May 20, 2022

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The Kalush Orchestra represents Ukraine to the world: NPR

The Kalush Orchestra represents Ukraine to the world: NPR

Members of the Kalush Orchestra have been given special permission to leave Ukraine, and will return immediately after Eurovision ends. One of them remained to help defend Kyiv.

Opening Ceremony – Eurovision TV


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Opening Ceremony – Eurovision TV

Members of the Kalush Orchestra have been given special permission to leave Ukraine, and will return immediately after Eurovision ends. One of them remained to help defend Kyiv.

Opening Ceremony – Eurovision TV

Much of the world’s attention has been focused on Ukraine since Russia launched its invasion in late February.

But the country will shine a light on a different kind of world stage on Saturday when Popular rap group Kaloosh Orchestra Compete in the 2022 Eurovision Song Contest Grand Final.

These parallel events are closely related, attack commander Ole Bisuk told NPR in an interview with Zoom. He said it is a great responsibility to represent Ukraine and its culture to the world, especially as Russia is trying hard to destroy it.

“We need support to show everyone that our culture is really interesting and has a beautiful signature of its own,” he said. “It exists and we have to fight now on all fronts.”

The band is relatively new, but their style and song quickly became iconic

The Kalush Orchestra has become a staple in this year’s competition, thanks in large part to its members. Unique outfits, dance moves and woodwind skills.

Her song “Stefania” combines the beats and the popular chorus. Psiuk wrote it about his mother before the war, but it has since taken on a new, more patriotic meaning.

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“A lot of people are starting to realize that Ukraine is my mother,” he explains. “And in this way the song was very close to the Ukrainian people.”

Psiuk explains that the band’s unique style is found not just in their music, but “in our images, in the concept, in whatever we do.”

Mixing modern streetwear with traditional wear, from embroidered jackets to Psiuk’s signature pink bucket hat, the six-man band features Ukrainian woodwinds such as the sobelka and telanka.

While the current iteration of the band has only been around since last year, its roots go back to a three-person rap group called Kalush, which Psiuk helped found in 2019. It is named after his hometown in the western region of Ivano- Frankivsk.

The Psyuk family is still there. In his few spare moments between rehearsals and interviews, they tell him about the missiles that were flying overhead.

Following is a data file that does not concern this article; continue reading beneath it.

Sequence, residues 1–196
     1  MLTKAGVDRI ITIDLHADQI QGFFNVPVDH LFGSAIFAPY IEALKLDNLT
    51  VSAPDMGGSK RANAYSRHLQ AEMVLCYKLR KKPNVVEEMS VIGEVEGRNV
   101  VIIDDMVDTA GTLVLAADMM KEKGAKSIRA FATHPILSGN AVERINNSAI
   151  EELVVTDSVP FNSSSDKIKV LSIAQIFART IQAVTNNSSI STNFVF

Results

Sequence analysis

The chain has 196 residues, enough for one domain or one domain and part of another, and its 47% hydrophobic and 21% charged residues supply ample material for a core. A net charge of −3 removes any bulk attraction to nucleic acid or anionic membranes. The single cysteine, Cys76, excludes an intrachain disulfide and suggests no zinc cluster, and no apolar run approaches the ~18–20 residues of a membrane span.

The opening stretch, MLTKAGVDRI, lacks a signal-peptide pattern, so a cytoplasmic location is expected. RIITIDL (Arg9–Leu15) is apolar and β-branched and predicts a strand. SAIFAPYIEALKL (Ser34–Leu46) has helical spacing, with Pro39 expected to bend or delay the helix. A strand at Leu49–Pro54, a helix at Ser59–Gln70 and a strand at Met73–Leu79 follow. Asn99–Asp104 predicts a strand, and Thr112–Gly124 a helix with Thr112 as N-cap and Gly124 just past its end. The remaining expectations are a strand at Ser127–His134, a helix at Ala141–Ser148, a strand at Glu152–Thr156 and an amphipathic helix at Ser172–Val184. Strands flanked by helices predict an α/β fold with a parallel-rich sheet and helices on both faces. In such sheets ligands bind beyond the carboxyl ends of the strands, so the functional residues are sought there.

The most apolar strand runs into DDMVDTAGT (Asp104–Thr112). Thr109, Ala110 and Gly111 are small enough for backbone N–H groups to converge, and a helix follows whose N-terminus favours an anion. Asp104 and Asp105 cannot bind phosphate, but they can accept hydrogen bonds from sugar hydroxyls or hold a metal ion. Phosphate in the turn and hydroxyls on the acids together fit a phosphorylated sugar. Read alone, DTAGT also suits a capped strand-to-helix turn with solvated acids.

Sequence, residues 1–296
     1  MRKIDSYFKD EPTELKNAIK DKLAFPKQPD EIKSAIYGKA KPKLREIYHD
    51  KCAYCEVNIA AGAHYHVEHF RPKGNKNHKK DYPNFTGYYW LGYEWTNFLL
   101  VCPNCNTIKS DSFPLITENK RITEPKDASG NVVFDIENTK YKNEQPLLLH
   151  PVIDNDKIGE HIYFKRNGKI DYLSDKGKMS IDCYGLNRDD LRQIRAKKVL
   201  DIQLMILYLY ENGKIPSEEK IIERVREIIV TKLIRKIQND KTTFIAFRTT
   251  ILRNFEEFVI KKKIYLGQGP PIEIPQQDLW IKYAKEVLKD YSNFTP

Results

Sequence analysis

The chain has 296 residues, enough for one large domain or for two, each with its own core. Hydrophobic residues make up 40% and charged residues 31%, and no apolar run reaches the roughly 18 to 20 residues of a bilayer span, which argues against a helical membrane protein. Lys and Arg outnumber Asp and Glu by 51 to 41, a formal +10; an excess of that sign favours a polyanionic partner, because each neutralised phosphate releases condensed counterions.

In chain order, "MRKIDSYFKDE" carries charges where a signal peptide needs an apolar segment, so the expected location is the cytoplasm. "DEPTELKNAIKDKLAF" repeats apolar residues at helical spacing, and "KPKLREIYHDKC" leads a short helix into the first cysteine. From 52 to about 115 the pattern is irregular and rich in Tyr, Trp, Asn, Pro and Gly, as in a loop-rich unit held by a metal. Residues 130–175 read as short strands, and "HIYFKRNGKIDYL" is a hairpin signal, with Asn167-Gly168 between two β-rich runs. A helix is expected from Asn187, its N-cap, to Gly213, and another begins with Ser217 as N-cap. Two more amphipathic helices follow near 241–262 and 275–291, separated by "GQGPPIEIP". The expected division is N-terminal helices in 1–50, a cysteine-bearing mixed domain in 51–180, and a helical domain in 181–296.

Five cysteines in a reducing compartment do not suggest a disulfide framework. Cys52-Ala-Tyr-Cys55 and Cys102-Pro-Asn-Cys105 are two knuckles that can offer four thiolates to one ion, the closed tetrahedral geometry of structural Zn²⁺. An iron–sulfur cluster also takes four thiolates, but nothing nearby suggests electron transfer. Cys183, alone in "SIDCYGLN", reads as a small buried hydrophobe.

“It’s like the lottery,” he said. “You never know where it will happen, so… we are very concerned.”

The Kalush Orchestra of Ukraine sings “Stefania” during rehearsals for the Eurovision Song Contest in Turin, Italy on May 9.

Luca Bruno/AFP


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The Kalush Orchestra of Ukraine sings “Stefania” during rehearsals for the Eurovision Song Contest in Turin, Italy on May 9.

Luca Bruno/AFP

Musicians fight for their country both on and off the stage

All members of the squad are men of fighting age, and they had to obtain temporary permits to leave Ukraine to participate in the competition in Turin, Italy.

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One of them, Vlad Koroshka, or MC Kylymen (which translates to CarpetMan) chose to stay in Ukraine, where he was helping to defend Kyiv.

Bisuk said the other musicians will return as soon as the Eurovision contest ends.

He plans to return to the volunteer organization he started called “De Ty” (which translates to “Where Are You”). Nearly 35 volunteers coordinate things like transportation, medicine and accommodation for people across Ukraine, who submit requests via the Telegram channel.

Psiuk said that while the band is unable to focus on creating new music at the moment, it is already working.

What does Eurovision win mean for Ukraine

Psyuk hopes the band will return to Ukraine as Eurovision champion, adding that any win would help lift the country’s morale.

“I would like to convey some good news to Ukraine, because it is good news [hasn’t] He has been in our country for a long time.”

He’s encouraging fans watching at home to cast their votes on Saturday’s finale and show off the band’s music to their friends. He hopes that their support for Ukraine will not end once the songwriting competition ends.

Busyuk said it’s important for people to attend peaceful gatherings, post on social media, and continue to raise awareness in other ways.

“The more people talk about Ukraine, the faster the war will end and not start in other countries,” he said, adding that he was grateful for the support his country has received so far.

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It is customary for the country that wins Eurovision to host the following year’s competition. Do you believe that this could happen in 2023?

He said emphatically, “Yes.” “I am sure that Ukraine will host Eurovision, and will gladly do so in a reconstructed Ukraine, full and happy.”